The New York Times for 10 September 1932 includes an uncredited article titled “Single Jobless Men to Get Lodging House / Social Worker and Engineer Obtain Use of Tenement for Those Ineligible for City Aid.” The buiding in question was a then-deserted seven-story building located at 145 Ridge Street in New York City, New York. The social worker was Ben Howe and the engineer was Buckminster Fuller. Fuller is described as “editor of the magazine Shelter and head of Structural Study Associates, an engineering firm.” According to the article, the men who were renovating the building were hoping to live in it afterward. They were otherwise ineligible for benefits because they were not the head of a family. The building was to house two hundred and fifty men at a time and serve several thousand during Winter. Lieutenant R. E. Johnson was also involved in this project. He is described as a “former army construction engineer and commander of the United States Ex-Service Men’s Association.” At the time of the article, the shelter was under construction. The building described in this article no longer exists.

Synchronofile: Buckminster Fuller and the Homeless of New York

May 23, 2009 0 comments
The Lost Inventions of Buckminster Fuller (Part 3 of 3)

The Lost Inventions of Buckminster Fuller (Part 3 of 3)

The most important information on why the Dymaxion House never went into production can be found on pages 85-114 of Pawley’s Buckminster Fuller. Namely, this was due to Fuller’s “fanatical determination to retain complete personal control of the project and refine the house still further before putting it into production.” Although there were estimates of 250,000 Dymaxion Houses to be produced each year and 37,000 unsolicited orders before production began, the only Dymaxion Houses ever made were incomplete or miniature models. Of all the lost inventions of Buckminster Fuller, this is the one that could have done the most good in the world. The Dymaxion House was just as Fortune magazine described it: the industry that industry missed. [...]

R. Buckminster Fuller described himself as a “terrific package of experiences.” The record of Fuller’s uncredited duplication of prior work suggests that he was at times a terrific package of other people’s experiences.

The Lost Inventions of Buckminster Fuller (Part 3 of 3)

April 29, 2009 1 comment
The Lost Inventions of Buckminster Fuller (Part 2 of 3)

The Lost Inventions of Buckminster Fuller (Part 2 of 3)

dymaxion car patent

The Morgan Motor Company had been producing three-wheeled vehicles in the USA since 1909. The Burney, produced by Streamline Cars, used aviation design principles as early as 1927. The Chrysler Airflow was a streamline, drag-reducing car of 1934, as was the Tatra T77 of 1935.

The earliest newspaper and magazine articles on the subject tend to favor W. Starling Burgess as the main force behind the Car. The Dymaxion Car is first mentioned in print in the New York Times on 1 June 1933. It is described as the creation of W. S. Burgess. The last sentence of the article reads: “Buckminster Fuller, New York architect and engineer, is associated with Mr. Burgess in the project.” By 22 July the New York Times comes to describe Fuller as the inventor of the Dymaxion Car and Burgess as the designer. The Modern Mechanix of October 1933 lists Burgess and Fuller as the designers of the Car. On 22 October the New York Times described the vehicle as the “streamlined, three-wheeled Gulf-Dymaxion Car, designed by W. Starling Burgess and Buckminster Fuller.” At the time, Gulf Oil had purchased advertising space on the side of the Car. Dymaxion World describes Burgess as “an assistant” in the project.

Full Story: Synchronofile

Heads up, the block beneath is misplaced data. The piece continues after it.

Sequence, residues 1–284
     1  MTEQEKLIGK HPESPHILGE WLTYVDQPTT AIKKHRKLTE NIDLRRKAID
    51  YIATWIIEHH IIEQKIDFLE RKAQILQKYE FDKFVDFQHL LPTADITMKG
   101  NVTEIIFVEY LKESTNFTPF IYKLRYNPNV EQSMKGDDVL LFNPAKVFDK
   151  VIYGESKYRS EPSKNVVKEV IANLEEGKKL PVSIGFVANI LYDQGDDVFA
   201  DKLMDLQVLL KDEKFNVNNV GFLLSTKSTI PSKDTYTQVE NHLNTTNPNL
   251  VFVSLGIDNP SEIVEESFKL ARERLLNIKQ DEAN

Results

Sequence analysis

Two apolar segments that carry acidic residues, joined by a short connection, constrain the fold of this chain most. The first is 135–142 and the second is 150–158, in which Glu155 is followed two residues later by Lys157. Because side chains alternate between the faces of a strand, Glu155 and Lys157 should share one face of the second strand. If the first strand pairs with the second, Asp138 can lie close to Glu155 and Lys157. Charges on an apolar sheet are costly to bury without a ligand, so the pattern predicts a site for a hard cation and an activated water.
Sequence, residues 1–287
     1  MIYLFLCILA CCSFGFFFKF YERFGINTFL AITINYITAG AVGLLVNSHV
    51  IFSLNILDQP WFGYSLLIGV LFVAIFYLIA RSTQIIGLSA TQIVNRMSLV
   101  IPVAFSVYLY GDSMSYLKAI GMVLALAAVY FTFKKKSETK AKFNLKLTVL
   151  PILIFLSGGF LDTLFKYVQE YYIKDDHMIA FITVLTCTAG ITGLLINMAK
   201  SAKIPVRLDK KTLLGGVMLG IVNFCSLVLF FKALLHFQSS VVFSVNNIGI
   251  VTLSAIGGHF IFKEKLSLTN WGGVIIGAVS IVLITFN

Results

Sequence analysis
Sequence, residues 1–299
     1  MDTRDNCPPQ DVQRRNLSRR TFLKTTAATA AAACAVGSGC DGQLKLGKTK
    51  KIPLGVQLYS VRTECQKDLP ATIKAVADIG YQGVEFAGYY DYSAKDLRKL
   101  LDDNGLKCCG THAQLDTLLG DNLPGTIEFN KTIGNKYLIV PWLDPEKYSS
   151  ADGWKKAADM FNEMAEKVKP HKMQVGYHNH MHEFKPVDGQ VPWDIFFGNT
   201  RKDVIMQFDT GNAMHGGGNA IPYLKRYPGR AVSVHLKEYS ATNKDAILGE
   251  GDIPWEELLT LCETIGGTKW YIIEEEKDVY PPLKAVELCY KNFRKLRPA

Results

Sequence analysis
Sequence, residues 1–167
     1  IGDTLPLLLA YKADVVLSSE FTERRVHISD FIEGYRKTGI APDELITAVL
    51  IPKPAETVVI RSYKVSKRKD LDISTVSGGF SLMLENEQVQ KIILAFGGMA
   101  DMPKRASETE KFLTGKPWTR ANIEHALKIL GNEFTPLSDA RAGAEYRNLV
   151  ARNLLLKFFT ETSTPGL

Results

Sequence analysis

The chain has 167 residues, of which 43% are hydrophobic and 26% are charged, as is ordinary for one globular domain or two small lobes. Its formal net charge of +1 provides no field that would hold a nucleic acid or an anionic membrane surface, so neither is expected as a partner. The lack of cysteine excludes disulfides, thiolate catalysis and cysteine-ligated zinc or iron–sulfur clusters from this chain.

March 28, 2009 0 comments
The Lost Inventions of Buckminster Fuller (Part 1 of 3)

The Lost Inventions of Buckminster Fuller (Part 1 of 3)

Buckminster Fuller sought patents for his works to document in an enduring form what an individual could invent for the betterment of humanity. A primary resource for Fuller’s patents is the book Inventions, the Patented Works of R. Buckminster Fuller. Inventions serves as the framework for this three-part essay. Comparing the description of Fuller’s work found in that book with this essay will be most instructive. Otherwise uncredited page numbers are from this book. Dates following patent numbers are the date of the patent being granted. Supplementary material comes from The Dymaxion World of Buckminster Fuller and many other sources. Part one of this essay will feature patents found in Inventions that were made by and assigned to Fuller.

All of Fuller’s patents are lost in some way. At minimum, all of Fuller’s patents are lost in that they have expired. Many of Fuller’s patents fail to mention earlier patents by other inventors. Some of Fuller’s patents are lost because they have never gone into production for their intended purpose. The patent for the geodesic dome is to be found under the title “Building Construction,” which has likely caused some researchers difficulty in finding it. Other patents are lost because they are under documented.

Full Story: Synchronofile

March 2, 2009 1 comment
Youth designs simple, insulated geodesic dome made of garbage

Youth designs simple, insulated geodesic dome made of garbage

Max’s original idea was developed as a scale model with the materials he had on hand. Plastic grocery bags from the kitchen cabinet and coat hangers from his closet were the trash that came together to make a structure influenced by the building styles of Mongolian yurts. Working with the crew from Continuum, he was able to use and develop techniques to build a full size model of his dome. The resulting dome is based on the work of R. Buckminster Fuller and his geodesic dome, but they came up with a relatively new technique of making each panel a cell, rather than using the often used hub and spoke design. For the sheathing material, they used thick plastic sealed at the edges with a heat strip. The center of the panels is filled with packing peanuts, making for a very well insulated structure.Max’s original idea was developed as a scale model with the materials he had on hand. Plastic grocery bags from the kitchen cabinet and coat hangers from his closet were the trash that came together to make a structure influenced by the building styles of Mongolian yurts. Working with the crew from Continuum, he was able to use and develop techniques to build a full size model of his dome. The resulting dome is based on the work of R. Buckminster Fuller and his geodesic dome, but they came up with a relatively new technique of making each panel a cell, rather than using the often used hub and spoke design. For the sheathing material, they used thick plastic sealed at the edges with a heat strip. The center of the panels is filled with packing peanuts, making for a very well insulated structure.

Full Story: MAKE

(via OVO)

March 2, 2009 0 comments